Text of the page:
What Happened To The Real Jim Jones? 'AHS: Cult' Portrays The Terrifying Leader
Ryan Murphy may have taken more inspiration from real life for this season of American Horror Story than ever before. Not only is the catalyst for the season the 2016 election, but the character Kai Anderson uses the same tactics as infamous American cult leaders. In the latest episode, "Drink The Kool-Aid," AHS features one of the most famous cult founders, Jim Jones (and it's even named after a phrase popularized by his actions). Kai is even trying to follow in his footsteps. But what happened to the real Jim Jones? Kai considers him the "Kanye of leaders."
Jim Jones was the founder and leader of the Peoples Temple. He began his religious career as a Methodist student paster back in 1952, but left his church when it didn't allow African-American worshippers. His church, the Peoples Temple, began that decade in Indianapolis, Indiana. The movement grew when Jones, his wife Marceline, his "rainbow family" of adopted children, and 70 followers moved to California to find refuge should a nuclear war occur. From there, the movement quickly spread throughout the state. In 1974, a small amount of members of the Peoples Temple moved to Guyana; by 1978, the majority of Jones' followers had immigrated to the country. The community in Guyana of around 1,000 people — officially the Peoples Temple Agricultural Project — was commonly known as "Jonestown."
Jonestown is most famous for the events that occurred on November 18, 1978. California Rep. Leo Ryan came to Jonestown on an investigative mission along with cameramen and journalists. Several members asked to leave with him, which was seen from loyal members as a betrayal. They also believe this visit by Ryan and the media was an attack on them. Jones sent gunmen to kill Ryan and four other individuals, and his followers gathered in a pavilion. An audiotape from the day indicates that many agreed to die by suicide. Over 900 people died by "drinking the Kool-Aid" that was laced with cyanide poisoning. A third of Jones' victims were children; many of them died by his aides forcing them to ingest the poisonous beverage.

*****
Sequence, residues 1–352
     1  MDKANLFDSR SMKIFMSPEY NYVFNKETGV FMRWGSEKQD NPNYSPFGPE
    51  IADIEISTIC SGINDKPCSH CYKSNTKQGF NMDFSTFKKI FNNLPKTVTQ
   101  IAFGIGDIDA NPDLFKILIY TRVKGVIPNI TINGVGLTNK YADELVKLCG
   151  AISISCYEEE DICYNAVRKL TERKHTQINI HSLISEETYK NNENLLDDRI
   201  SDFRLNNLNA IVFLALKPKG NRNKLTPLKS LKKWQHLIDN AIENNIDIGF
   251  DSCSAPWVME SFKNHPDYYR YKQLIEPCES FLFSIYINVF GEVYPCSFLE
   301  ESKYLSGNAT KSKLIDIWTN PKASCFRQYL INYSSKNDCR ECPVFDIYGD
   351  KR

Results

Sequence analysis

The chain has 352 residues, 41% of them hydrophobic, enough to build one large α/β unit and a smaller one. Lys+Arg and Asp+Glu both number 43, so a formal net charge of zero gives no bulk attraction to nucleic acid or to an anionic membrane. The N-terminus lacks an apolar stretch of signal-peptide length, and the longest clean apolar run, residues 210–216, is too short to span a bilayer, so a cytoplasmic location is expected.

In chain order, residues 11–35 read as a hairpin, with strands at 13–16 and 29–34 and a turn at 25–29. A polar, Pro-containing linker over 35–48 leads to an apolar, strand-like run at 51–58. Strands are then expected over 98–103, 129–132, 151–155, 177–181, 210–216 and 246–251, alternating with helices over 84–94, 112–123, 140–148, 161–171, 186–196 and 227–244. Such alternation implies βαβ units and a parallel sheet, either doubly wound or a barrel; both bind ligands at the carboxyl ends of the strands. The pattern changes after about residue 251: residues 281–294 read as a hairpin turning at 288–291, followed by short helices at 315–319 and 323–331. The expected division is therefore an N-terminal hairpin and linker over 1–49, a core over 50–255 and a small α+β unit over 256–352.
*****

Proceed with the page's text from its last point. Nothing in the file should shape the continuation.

As for how Jim Jones himself died, he refrained from drinking his own Kool-Aid. Instead, he was shot in the head, probably by an aide, and was one of the first bodies to be identified. There were 33 survivors of the Jonestown massacre, who either fled or managed to avoid dying in the mass suicide. Because of these survivors, some details about Jonestown were revealed (though some will never be certain, as Jones and the majority of his followers perished). Apparently, members of the Jonestown cult had "suicide drills" for years before November 18, 1978. This would be a loyalty test to Jones, who called himself God. Those who fled Jonestown described it as a prison camp.
In "Drink the Kool-Aid," Evan Peters portrayed Jim Jones on that final day. It also showed that Kai takes direct inspiration from Jones (whom Kai called a "great man"). He gathered his followers and gave them all cups; when he pointed, he wanted the individual to drink. The first person refused to drink — and Kai ordered Gary to shoot him instead. Kai insisted it's "not suicide, it's a revolutionary act." One by one, they drank (including the somewhat level-headed cult women), but it turned out just to be a drill to show loyalty to Kai. Thankfully, Kai and his cult are fictional, but it's an eery reminder of the real Jones and the mass suicide he orchestrated almost 40 years ago.
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